Michael J. Hicks, PhD, is the director of the Center for Business and Economic Research and the George and Frances Ball distinguished professor of economics in the Miller College of Business at Ball State University. His column appears in Indiiana newspapers.
With both the United States and China doubling down on a trade war, and heated electoral rhetoric giving way to full fabrication, it’s time to write a bit about China. Today and well into the future we should all understand some of the economic and security issues that form our relationship. To do so, we must also untangle some of the fabulist lies told about the Chinese economy.
I will begin with some bona fides on the topic. Most readers will know I am an economics professor, but for most of my life, I was also a soldier. From 2003 through 2009, I served as a reserve infantry lieutenant colonel on the operations and planning staff of US Army Japan and the UN command in Korea. I cannot say more than what should be obvious that both North Korea and China were much on our minds. It is worth noting that I squared off against Chinese tanks and faced fire from Chinese rockets in Iraq in 1991, so my experience is a bit different from that of marginally informed citizen or detached academic. I am a fierce but realistic critic of China, but that isn’t the same thing as fearing them.
China may ultimately prove a significant strategic threat to the United States. The nation is poorly led, and so wholly ensnared in the failed dogmas of Lenin and Mao that we must view it as a potential long-term adversary. The reason we must view them as a security concern is not that they are an economic dynamo, but rather because their economy is so desperately bad and likely to remain so throughout this century.
China is a poor nation, which exaggerates their economic performance. By some measures, their GDP per capita is now at levels last seen in the US before our civil war. I suspect conditions are a bit better, with standards of living more like ours at the turn of the 20th century. That is still bad, and means crowded, disease ridden, densely populated tenements, and factories like those described by Upton Sinclair in The Jungle, and lived by the victims of the infamous Triangle Shirtwaist Fire. Chinese workers die on the job at more than three times the rate of the developed world, if they are telling the truth.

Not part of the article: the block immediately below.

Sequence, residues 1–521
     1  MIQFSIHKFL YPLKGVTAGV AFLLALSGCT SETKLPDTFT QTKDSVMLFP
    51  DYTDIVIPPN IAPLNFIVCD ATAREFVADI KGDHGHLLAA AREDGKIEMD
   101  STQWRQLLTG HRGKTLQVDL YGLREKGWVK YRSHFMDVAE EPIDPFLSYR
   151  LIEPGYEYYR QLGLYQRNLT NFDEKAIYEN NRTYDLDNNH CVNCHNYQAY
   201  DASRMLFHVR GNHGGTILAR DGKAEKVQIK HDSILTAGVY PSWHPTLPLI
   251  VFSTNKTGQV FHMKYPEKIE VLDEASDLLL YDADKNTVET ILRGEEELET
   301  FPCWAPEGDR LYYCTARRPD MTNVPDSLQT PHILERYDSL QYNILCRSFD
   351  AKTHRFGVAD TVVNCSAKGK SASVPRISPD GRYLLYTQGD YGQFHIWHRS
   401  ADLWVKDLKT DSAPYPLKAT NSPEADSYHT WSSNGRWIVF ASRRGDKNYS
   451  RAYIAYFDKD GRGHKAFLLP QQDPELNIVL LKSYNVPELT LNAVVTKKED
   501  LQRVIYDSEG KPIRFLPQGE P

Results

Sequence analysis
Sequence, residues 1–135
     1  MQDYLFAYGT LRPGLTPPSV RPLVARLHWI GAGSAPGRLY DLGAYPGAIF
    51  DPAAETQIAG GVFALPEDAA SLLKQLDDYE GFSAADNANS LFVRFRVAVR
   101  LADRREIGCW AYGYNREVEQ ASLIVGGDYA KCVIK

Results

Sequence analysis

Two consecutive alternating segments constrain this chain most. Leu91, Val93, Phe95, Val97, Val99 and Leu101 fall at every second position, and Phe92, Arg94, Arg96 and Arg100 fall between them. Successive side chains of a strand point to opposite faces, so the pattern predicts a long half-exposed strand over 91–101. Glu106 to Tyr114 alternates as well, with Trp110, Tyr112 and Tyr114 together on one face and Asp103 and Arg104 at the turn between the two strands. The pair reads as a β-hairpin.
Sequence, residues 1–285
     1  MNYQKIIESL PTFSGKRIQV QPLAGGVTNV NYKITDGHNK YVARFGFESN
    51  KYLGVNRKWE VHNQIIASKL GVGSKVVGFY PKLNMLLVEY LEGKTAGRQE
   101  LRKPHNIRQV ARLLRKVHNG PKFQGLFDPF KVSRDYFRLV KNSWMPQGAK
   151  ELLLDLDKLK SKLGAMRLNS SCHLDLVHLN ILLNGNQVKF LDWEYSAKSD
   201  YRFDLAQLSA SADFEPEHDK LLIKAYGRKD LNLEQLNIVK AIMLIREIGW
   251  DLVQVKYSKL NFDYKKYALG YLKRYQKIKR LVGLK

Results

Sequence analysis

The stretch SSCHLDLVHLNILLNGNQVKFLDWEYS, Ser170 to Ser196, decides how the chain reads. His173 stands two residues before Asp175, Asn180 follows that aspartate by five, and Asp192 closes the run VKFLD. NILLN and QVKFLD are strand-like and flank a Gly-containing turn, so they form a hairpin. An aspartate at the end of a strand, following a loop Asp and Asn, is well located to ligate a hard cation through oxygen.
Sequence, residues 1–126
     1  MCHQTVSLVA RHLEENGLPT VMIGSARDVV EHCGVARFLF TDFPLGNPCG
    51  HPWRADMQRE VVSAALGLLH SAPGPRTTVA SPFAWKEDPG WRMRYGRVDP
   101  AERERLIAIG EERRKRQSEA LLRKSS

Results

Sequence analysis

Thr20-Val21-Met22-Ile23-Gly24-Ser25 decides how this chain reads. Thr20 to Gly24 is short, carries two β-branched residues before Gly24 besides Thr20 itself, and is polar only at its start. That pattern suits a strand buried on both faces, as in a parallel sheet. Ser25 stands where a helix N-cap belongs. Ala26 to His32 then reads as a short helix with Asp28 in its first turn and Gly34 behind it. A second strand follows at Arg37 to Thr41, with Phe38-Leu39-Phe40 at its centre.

Like all Leninist-Maoist nations, China can put on a show. Bright gleaming factories, cheerful workers and efficient transport systems are hallmarks of Chinese propaganda. To get these shiny factories, and raise their standard of living to that of late 19th century Europe, the Chinese have been crushingly authoritarian. Though they try to avoid any visible semblance to the Maoist debacles, they have purged entrepreneurial spirit and succumbed to the worse examples of central planning. In a nation living in cramped, multi-generation apartments, newly constructed cities capable of housing one million workers sit empty.
Their recent reforms have largely failed. For anyone who was a college student in the 1980s and early 1990s, Chinese graduate students were feared for their unequalled preparation. Only the top students from the world’s most populous nation came here to study. Today, it is mostly the children of the party elite who fill American schools, and the change is obvious.
Let me say it plainly. China is a large, poorly led nation with a military that is decades away from the expertise of Saddam’s army and an economy that is more than a century behind ours.
When you hear a politician telling you that China’s economy is just a few years away from surpassing ours, he is simply lying to you. No one living now will see the Chinese standard of living catch up to ours, and I would wager they won’t equal America’s current standard of living in the balance of this century.
To be clear, China’s weak economic performance is not a good thing. In the short term, the US and China share many common concerns, not least among them the special sort of crazy known as North Korea. We would be better off if they had a more robust capacity to deal with that problem.
Over the long run, continued poor economic performance likely increases rather than lessens the risk of conflict. A growing economy and a growing middle class are the most helpful antidotes to Chinese aggression in decades to come. Any movement towards modernity in China will come from within. This won’t be possible until its economy has made more gains.
Our challenges with China aren’t easy, or primarily commercial. In fact, the Trans-Pacific Partnership was the ideal platform from which to challenge a China unconcerned with property rights and worker protections. Instead, we descended into an irrational and counterproductive trade war, which is precisely the wrong approach. It won’t make us safer, wealthier or stronger. Perhaps the only good thing to say about it is that the unfolding economic disaster of tariffs will teach the current generation a lesson in the cost of trade wars.